"Barrage anti-terroristes/anti-manifestants au centre-ville du Caire." "Downtown road block for terrorism and manifestation control."

It is at this time that un tour deux singes comes in to rock the place and solve the conflict, like we are used to. Our article has to be read like if we were in July 2015 because things change quickly in Egypt. When we were crossing the country, the Egyptian government was in the middle of a war against the Muslim Brotherhood and all their supporters. For example a friend of our hosts in Cairo, in student exchange, has been thrown out of the country while she was writing her thesis about the Muslim Brotherhood and had met some of them. Egypt is traditionally a very militarized country, and nowadays, army is even more in shape than usual. Freedom of speech is not far from non existent.

And we arrive in the middle of all this with our beautiful ideals, that solving problems by killing people is never a solution, that media cannot be censored no matter the finality, and more of this young European blabla. From the discussions we had, especially in Cairo, it seems that reality is not that simple. The demonstrations and the different attacks created at the times of the revolution a real feeling of terror for the Egyptians, especially the average people living in Cairo. The seizure of the state by the army truly has calmed down the situation and improved the general tensed climate, even if it was by enchaining (literally and figuratively) all journalists and bloggers, and killing many Muslim Brothers.

So, like we saw, it’s quite a bazar now in Egypt.

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Lack of tourism and security reinforcement

On the way from Nuweiba to Dahab, “the hippie Mecca of Egypt”, incredible diving spot which made the city very touristic, we are racing with a camel who found himself on the middle of the road, before stopping with emotion at our first Egyptian check-point. It will not be the only time that we will be stopped. After a paper control in order to check that we are not mean terrorists (yep, ISIS is in Sinai), and the Red Sea opens again in front of our eyes. Surprise here, the touristic centre we were expecting is almost empty of tourists! So empty that we manage to get, without really trying to negotiate, a room for such a cheap price that we wonder if the owner is not losing money hosting us. Since the Arab Spring, Egypt that accounts on a fair amount of its budget on the Suez canal and tourists has seen its country deserted leaving the Pharaohs really happy and chilled in their pyramids. The huge boats operating Nile cruises are all stopped on the side of the river. Tourists got afraid and chose more calm places like Greenland, despite police and army doing their best to secure most areas. All along the country our travelling style allowed us to have the most interesting relations with the “bulice” as they call them there. Egypt is really afraid for its own image that anything could happen to a tourist, therefore policemen, probably only wanting the best for our safety, defend us from camping and make us sleep at the bulice office, or forbid us to hitchhike and pay us the train or bus ticket. We were also looking suspect when hitchhiking so doing only their duty, they stopped us at every check-point. And sometimes just to be real cowboys they drove crazy after us in their big armoured car to forbid our driver to drop us anywhere before reaching Suez (out of Sinai and therefore more secure). Actually it is quite simple: there are the place for tourists, a bit lame but it’s allowed to be here. And all that’s in between two tourists sites is, not theoretically but in practice, “forbidden” for the traveller. Egypt with our travelling style is difficult and tiresome, especially in our relation with the bulice.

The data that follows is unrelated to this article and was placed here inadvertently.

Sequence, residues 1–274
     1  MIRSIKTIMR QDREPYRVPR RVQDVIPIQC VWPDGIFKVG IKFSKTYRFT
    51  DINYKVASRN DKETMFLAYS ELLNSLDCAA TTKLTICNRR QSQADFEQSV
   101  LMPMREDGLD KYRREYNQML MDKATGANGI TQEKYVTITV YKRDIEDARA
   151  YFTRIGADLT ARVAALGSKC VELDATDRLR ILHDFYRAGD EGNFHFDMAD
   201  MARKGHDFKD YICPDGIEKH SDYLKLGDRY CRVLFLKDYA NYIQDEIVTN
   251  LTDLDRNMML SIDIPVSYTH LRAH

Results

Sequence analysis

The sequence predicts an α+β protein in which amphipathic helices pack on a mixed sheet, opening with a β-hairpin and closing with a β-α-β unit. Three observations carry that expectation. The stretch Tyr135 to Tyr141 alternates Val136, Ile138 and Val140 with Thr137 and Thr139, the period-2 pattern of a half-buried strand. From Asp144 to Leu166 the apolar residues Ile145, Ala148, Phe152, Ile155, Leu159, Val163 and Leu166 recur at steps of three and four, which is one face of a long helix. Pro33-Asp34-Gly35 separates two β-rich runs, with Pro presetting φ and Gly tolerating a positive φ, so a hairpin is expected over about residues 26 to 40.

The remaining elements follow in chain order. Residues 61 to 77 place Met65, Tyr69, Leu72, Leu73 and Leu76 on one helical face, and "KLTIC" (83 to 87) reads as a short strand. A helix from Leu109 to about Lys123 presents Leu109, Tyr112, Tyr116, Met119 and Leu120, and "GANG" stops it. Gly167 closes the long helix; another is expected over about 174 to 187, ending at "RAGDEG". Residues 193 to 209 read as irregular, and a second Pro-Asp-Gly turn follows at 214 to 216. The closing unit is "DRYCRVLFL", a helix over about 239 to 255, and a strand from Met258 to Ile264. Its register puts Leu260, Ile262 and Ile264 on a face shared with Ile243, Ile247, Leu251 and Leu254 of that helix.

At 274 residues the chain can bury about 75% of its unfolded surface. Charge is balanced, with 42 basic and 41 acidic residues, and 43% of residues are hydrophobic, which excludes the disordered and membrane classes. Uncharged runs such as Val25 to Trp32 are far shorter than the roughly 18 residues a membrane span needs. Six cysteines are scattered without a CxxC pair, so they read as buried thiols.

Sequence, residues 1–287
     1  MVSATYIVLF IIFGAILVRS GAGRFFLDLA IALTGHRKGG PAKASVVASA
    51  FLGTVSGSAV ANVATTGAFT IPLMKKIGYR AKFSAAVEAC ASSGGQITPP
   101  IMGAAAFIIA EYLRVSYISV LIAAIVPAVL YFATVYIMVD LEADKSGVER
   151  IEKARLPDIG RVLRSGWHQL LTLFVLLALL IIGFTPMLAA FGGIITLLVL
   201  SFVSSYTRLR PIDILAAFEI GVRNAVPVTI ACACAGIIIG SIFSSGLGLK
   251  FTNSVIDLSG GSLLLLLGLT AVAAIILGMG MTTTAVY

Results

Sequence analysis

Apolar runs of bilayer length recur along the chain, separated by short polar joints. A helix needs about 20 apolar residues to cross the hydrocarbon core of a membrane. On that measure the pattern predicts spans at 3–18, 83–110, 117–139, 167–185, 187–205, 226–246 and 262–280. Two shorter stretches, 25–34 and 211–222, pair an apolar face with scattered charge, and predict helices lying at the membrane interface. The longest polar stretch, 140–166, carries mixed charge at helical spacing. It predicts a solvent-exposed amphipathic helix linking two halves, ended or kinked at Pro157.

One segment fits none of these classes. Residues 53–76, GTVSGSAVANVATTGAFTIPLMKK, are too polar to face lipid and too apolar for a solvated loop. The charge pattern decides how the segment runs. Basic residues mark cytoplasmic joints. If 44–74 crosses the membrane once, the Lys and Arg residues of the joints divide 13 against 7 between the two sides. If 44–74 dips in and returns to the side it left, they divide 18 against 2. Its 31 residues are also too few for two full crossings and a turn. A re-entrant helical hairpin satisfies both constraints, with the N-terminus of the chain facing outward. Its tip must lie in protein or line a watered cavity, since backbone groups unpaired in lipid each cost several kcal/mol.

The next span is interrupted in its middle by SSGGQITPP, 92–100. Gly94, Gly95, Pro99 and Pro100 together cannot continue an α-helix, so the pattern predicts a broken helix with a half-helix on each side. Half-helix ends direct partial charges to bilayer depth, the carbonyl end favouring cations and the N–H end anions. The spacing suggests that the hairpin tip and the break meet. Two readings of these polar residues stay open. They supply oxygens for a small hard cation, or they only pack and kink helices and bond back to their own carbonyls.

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Aggressivity, tension and hospitality